Florence’s longtime leather sellers await the return of tourists

The Mercato del Porcellino in Florence owes its name to the large bronze boar that basks under the arcades of the Renaissance loggia. Normally, it is the tourists who rub the pig’s now shiny nose for good luck. But these months, with a shortage of customers, it’s the leather dealers whose stalls are just behind in the open market who need the animal’s fortune.

Carlo Lippi is a third generation leatherworker. His stand was first set up in the Mercato del Porcellino by his grandfather, just after the war. But leather, one of Florence’s most famous products, has a much longer history. Thanks to the city’s location along the Arno River, there was an abundant supply of water to facilitate the tanning process needed to produce leather. A guild of leather workers was established in 1282 and Florence became famous throughout Europe for its high quality products. Even today, visitors flock to the town to shop for unique clothes and bags at the independent leather shops and open-air market.

But on a February weekday in the midst of the pandemic, the leather market is almost completely devoid of customers. Lippi passes the time chatting with another longtime salesman, Oscar Cioppi, who opened his stand here in 1989. “It’s been a really terrible two years for us,” Cioppi says. Here, leather goods are bought almost exclusively by tourists, foreigners and Italians. With closed borders and strong travel restrictions, the main clientele of leather sellers has been almost completely absent since the start of 2020.

Last winter, Cioppi, Lippi and another vendor were often the only three stalls open in the market, sometimes even alternately. Even now, several sellers are missing. “Some sellers are staying home or have found other temporary jobs,” Lippi says, “because we still have to pay fees and taxes to sell here even though we don’t make any sales.” He adds that in winter, earning 100 euros would be a good day.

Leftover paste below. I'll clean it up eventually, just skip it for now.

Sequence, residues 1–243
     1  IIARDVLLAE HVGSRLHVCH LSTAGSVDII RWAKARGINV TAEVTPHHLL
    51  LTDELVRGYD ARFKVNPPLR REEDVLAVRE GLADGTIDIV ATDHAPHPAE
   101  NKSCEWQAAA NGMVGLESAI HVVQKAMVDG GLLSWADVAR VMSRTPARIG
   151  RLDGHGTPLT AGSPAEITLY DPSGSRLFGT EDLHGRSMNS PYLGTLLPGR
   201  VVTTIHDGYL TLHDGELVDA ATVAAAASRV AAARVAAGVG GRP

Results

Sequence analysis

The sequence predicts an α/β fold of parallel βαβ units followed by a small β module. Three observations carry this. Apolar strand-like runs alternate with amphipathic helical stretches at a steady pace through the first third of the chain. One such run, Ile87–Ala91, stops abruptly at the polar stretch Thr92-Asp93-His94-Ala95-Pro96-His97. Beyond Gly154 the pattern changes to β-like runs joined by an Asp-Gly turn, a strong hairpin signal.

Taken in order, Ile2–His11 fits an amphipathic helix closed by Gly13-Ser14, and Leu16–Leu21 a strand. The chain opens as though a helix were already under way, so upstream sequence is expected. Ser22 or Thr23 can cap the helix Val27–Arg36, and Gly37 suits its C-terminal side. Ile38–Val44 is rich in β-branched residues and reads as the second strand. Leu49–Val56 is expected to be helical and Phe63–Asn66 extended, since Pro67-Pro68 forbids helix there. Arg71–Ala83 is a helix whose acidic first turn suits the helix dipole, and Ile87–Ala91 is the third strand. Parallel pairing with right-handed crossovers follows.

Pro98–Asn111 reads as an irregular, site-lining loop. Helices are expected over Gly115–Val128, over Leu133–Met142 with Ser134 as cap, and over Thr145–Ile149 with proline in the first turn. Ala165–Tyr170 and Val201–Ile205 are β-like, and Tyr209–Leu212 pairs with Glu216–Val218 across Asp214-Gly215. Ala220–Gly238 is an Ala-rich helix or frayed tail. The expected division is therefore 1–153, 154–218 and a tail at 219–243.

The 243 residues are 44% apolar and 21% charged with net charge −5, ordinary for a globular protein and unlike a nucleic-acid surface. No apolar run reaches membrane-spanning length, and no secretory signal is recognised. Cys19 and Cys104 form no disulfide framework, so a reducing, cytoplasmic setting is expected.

Crafts across the city suffered similarly. Just down the road, the famous Ponte Vecchio is home to tiny jewelry stores that hang outside the bridge. They too have seen their clientele decimated. Some stores still remain closed on weekdays, their gleaming gold wares hidden by solid wood panels with signature fleur-de-lis hinges. “It was brutal for the historic center,” says Cioppi. Even businesses not dependent on tourists have suffered, he notes, such as pharmacies and small food outlets. Further out of town, Cioppi says businesses are doing better because they can also rely on the custom of local residents.

Like other businesses, Lippi and Cioppi have received emergency government aid, but they say the funds are coming in so slowly that they have to dip into their savings to tide them over anyway.

Some tourists are now returning to the city, but that’s a paltry number compared to before the pandemic. As Cioppi notes, some of the most obvious absences are tour groups and cruise lines. While neither supplier is a proponent of mass tourism or oversized cruise ships, the disruption of these many arriving visitors is a significant loss for the businesses.

Finally, a customer arrives and starts eyeing Cioppi’s booth. He rushes to try to make his first sale of the day. Moments later, a lone tour group passes by, a few heads turning curiously, noses sniffing the smell of leather. Lippi’s eyes follow them as they round the corner. “Florence will need a few years to recover,” he says, “but she will, I’m sure.”

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